Strong emotional response is a key factor in player engagement in most cases (sadness/despair is the notable outlier here). A strong anger reaction has a lot of potential for an engaging player experience, as long as we create the experience carefully. We do this by creating a specific target for that anger that isn’t the game itself, and by giving the player a satisfying way to release all of the tension that anger has built up within them.
Let me illustrate this concept in two gifs. First, we create a very specific target for players to focus all of that anger on.
We want the player to feel that anger, just not at the game. We want to present a character or challenge that the player can get angry at. We want it to be frustrating, but not break the flow band into anxiety. This will build tension very quickly and pull the player in - an angry player will be many things, but won’t be bored.
Once we’ve built up enough tension, we then create an encounter for the player to release all of that built-up tension in a satisfying way.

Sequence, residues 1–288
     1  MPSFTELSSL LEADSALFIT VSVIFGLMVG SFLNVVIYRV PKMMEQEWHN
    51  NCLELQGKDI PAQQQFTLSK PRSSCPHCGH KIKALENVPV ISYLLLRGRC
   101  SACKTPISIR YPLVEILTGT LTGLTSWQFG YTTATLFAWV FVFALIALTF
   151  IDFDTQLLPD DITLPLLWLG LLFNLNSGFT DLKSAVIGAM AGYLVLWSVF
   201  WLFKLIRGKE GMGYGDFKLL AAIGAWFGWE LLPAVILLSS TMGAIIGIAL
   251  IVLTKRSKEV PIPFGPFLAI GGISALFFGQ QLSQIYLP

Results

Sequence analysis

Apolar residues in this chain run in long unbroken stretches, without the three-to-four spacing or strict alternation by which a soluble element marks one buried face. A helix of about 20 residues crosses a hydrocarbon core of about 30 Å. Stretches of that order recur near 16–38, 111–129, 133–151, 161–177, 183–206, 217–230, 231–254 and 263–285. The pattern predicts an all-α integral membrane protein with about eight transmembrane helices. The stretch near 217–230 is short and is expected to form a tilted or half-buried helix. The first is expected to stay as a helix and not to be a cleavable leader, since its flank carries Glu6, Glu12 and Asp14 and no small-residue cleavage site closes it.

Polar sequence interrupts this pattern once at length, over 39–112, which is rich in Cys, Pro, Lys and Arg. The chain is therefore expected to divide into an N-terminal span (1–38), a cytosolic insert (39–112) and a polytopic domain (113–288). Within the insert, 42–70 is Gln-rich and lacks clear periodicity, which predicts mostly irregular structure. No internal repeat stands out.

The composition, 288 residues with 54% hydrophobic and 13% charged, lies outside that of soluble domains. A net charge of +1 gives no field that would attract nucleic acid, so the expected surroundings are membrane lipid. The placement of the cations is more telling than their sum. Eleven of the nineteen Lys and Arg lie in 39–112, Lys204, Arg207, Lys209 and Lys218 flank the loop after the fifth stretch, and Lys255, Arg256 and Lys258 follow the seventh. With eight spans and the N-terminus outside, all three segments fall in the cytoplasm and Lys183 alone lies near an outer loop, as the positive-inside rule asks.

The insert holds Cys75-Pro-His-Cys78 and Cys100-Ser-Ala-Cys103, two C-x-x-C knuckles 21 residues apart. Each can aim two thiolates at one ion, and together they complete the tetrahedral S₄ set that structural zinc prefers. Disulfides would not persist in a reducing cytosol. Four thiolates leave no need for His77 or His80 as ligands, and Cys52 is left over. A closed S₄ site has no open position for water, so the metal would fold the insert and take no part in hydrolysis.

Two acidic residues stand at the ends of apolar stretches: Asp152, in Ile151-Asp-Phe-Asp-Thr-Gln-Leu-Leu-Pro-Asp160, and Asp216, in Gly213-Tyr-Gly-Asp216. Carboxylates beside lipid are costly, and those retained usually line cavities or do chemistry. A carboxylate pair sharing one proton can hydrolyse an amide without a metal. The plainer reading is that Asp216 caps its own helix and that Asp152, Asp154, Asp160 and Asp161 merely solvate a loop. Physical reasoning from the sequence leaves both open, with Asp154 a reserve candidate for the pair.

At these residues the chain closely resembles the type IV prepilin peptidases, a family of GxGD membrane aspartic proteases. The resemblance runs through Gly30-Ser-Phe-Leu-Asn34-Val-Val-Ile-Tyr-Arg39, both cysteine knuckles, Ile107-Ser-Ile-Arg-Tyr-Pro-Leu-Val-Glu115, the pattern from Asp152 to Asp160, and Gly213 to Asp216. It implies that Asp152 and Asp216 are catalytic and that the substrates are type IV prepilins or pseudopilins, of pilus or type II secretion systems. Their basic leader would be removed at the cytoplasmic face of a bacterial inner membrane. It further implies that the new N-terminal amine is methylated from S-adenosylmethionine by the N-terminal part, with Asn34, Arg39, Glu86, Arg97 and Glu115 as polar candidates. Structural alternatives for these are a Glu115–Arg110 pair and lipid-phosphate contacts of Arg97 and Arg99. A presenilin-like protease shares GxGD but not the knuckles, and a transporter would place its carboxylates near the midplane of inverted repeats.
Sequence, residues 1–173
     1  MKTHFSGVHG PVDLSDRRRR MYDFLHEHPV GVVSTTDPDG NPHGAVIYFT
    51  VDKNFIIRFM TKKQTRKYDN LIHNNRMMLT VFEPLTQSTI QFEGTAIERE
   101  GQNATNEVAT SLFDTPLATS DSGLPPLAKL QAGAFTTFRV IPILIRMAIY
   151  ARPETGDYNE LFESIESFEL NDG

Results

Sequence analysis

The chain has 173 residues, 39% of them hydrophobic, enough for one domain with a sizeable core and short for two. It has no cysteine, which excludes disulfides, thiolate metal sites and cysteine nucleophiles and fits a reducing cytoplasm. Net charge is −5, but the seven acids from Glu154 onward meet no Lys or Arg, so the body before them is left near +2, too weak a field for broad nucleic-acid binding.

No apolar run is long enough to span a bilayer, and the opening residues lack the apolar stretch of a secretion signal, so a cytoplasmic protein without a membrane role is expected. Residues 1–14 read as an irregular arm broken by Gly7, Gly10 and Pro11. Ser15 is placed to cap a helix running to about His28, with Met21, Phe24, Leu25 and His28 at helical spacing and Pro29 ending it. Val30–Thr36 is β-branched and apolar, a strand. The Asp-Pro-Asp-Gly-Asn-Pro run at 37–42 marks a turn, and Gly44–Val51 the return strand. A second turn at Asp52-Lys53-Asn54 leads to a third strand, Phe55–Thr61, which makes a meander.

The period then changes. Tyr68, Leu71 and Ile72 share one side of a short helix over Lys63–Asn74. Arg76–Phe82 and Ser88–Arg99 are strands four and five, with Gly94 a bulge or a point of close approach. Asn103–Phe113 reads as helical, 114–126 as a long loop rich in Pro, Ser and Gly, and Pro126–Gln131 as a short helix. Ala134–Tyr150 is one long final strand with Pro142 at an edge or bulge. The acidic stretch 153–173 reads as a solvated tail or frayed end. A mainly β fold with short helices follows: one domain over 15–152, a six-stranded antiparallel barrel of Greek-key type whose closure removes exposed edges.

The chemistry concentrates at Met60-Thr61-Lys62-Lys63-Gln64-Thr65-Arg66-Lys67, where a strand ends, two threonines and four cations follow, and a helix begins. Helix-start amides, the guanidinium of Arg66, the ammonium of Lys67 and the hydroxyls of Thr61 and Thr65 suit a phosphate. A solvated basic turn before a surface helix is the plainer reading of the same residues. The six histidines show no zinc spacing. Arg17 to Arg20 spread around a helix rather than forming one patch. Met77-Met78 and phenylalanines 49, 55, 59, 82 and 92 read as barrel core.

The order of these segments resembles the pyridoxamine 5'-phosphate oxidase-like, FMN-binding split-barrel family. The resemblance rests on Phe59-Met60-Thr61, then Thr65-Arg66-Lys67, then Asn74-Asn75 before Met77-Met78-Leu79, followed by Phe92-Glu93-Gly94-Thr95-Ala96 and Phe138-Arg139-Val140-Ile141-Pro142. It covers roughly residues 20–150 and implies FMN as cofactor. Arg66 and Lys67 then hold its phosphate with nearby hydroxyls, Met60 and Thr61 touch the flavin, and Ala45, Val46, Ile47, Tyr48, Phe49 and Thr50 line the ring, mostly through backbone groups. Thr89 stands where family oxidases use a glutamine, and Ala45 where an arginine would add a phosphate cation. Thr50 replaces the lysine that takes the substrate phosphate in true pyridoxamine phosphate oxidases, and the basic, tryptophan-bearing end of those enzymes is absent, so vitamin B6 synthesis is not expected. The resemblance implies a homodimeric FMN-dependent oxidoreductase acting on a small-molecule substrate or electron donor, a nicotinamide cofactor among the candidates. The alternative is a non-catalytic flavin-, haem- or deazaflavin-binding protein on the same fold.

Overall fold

That release of all that tension is then replaced within the player by catharsis, which feels great. Catharsis is that sense of satisfaction and relaxation you get after releasing all of your pent-up rage in a good way, without any of the regret or hurt that releasing anger normally causes. The more tension we built before releasing, the better the release feels.
If the game doesn’t provide an adequate release for that tension, the player has nowhere else to vent except at the game itself. This often transforms the tension into disappointment. This is why both steps are equally important. We need to build the anger up at a target, and then we need to lead the player to the best place to release all that anger on the target, achieving catharsis. That results in a memorable and engaging experience.
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